This section describes multiple design options to the illustration of This section describes multiple design options to illustrate scale as
previous section. described in the previous section.
6.1. Segment Routing Global Block(SRGB) Size 6.1. Segment Routing Global Block (SRGB) Size
In the simplified illustrations of this document, we picked a small In the simplified illustrations in this document, we picked a small
homogeneous SRGB range of 16000-23999. In practice, a large-scale homogeneous SRGB range of 16000-23999. In practice, a large-scale
design would use a bigger range such as 16000-80000, or even larger. design would use a bigger range, such as 16000-80000 or even larger.
Larger range provides allocations for various Traffic Engineering A larger range provides allocations for various TE applications
applications within a given domain within a given domain.
6.2. Redistribution of Agg nodes routes 6.2. Redistribution of Routes for Agg Nodes
The operator might choose to not redistribute the Agg nodes routes The operator might choose to not redistribute the routes for Agg
into the Metro/DC domains. In that case, more segments are required nodes into the Metro/DC domains. In that case, more segments are
in order to express an inter-domain path. required in order to express an inter-domain path.
For example, node A would use an SRTE Policy {DCI1, Agg1, Agg3, DCI3, For example, node A would use an SRTE Policy {DCI1, Agg1, Agg3,
Z} in order to reach Z instead of {Agg3, DCI3, Z} in the reference DCI3, Z} in order to reach Z instead of {Agg3, DCI3, Z} in the
design. reference design.
6.3. Sizing and hierarchy 6.3. Sizing and Hierarchy
The operator is free to choose among a small number of larger leaf The operator is free to choose among a small number of larger leaf
domains, a large number of small leaf domains or a mix of small and domains, a large number of small leaf domains, or a mix of small and
large core/leaf domains. large core/leaf domains.
The operator is free to use a 2-tier design (Core/Metro) or a 3-tier The operator is free to use a two-tier (Core/Metro) or three-tier
(Core/Metro/DC). (Core/Metro/DC) design.
6.4. Local Segments to Hosts/Servers 6.4. Local Segments to Hosts/Servers
Local segments can be programmed at any leaf node (e.g. node Z) in Local segments can be programmed at any leaf node (e.g., node Z) in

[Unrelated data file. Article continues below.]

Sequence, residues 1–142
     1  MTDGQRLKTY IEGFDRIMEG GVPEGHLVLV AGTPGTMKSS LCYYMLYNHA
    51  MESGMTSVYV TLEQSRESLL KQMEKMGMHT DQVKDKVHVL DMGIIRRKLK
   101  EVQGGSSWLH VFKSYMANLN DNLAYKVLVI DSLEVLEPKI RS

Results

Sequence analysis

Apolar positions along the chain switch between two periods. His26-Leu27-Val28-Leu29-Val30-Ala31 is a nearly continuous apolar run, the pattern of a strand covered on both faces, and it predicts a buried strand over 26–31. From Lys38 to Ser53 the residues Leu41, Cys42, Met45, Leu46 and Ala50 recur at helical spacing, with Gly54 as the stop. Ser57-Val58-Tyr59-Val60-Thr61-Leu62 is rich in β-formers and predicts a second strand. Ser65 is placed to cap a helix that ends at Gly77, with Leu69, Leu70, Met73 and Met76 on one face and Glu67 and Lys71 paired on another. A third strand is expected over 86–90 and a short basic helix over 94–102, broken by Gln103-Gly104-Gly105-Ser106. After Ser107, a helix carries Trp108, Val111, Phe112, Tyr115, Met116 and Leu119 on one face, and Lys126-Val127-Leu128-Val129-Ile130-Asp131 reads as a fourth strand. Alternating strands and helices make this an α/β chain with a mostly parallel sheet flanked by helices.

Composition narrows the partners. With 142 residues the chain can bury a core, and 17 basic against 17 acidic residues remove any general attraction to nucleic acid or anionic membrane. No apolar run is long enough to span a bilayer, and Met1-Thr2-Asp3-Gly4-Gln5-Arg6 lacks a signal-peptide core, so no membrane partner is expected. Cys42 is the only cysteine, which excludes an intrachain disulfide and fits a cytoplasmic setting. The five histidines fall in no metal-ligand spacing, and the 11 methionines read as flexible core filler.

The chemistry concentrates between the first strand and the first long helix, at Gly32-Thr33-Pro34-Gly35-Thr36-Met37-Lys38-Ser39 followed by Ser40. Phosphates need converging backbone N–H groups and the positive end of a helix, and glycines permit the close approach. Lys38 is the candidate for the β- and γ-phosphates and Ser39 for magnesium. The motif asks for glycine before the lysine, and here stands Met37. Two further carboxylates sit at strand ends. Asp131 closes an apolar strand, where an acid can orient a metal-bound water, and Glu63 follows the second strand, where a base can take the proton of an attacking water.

order to identify locally-attached hosts (or VM's). For example, if order to identify locally attached hosts (or Virtual Machines (VMs)).
node Z has bound a local segment 40001 to a local host ZH1, then node For example, if node Z has bound a local segment 40001 to a local
A uses the following SRTE Policy in order to reach that host: {16006, host ZH1, then node A uses the following SRTE Policy in order to
18006, 20001, 40001}. Such local segment could represent the NID reach that host: {16006, 18006, 20001, 40001}. Such a local segment
(Network Interface Device) in the context of the SP access network, could represent the NID (Network Interface Device) in the context of
or VM in the context of the DC network. the service provider access network, or a VM in the context of the DC
network.
6.5. Compressed SRTE policies 6.5. Compressed SRTE Policies
As an example and according to Section 3, we assume node A can reach As an example and according to Section 3, we assume that node A can
node Z (e.g., with a low-latency SLA contract) via the SRTE policy reach node Z (e.g., with a low-latency SLA contract) via the SRTE
consisting of the path: Agg1, Agg2, Agg3, DCI3/4(anycast), Z. The policy that consists of the path Agg1, Agg2, Agg3, DCI3/4(anycast),
path is represented by the segment list: {16001, 16002, 16003, 18006, Z. The path is represented by the segment list {16001, 16002, 16003,
20001}. 18006, 20001}.
It is clear that the control-plane solution can install an SRTE It is clear that the control-plane solution can install an SRTE
Policy {16002, 16003, 18006} at Agg1, collect the Binding SID Policy {16002, 16003, 18006} at Agg1, collect the binding SID
allocated by Agg1 to that policy (e.g. 4001) and hence program node A allocated by Agg1 to that policy (e.g., 4001), and hence program
with the compressed SRTE Policy {16001, 4001, 20001}. node A with the compressed SRTE Policy {16001, 4001, 20001}.
From node A, 16001 leads to Agg1. Once at Agg1, 4001 leads to the From node A, 16001 leads to Agg1. Once at Agg1, 4001 leads to the
DCI pair (DCI3, DCI4) via a specific low-latency path {16002, 16003, DCI pair (DCI3, DCI4) via a specific low-latency path {16002, 16003,
18006}. Once at that DCI pair, 20001 leads to Z. 18006}. Once at that DCI pair, 20001 leads to Z.
Binding SID's allocated to "intermediate" SRTE Policies allow to Binding SIDs allocated to "intermediate" SRTE Policies achieve the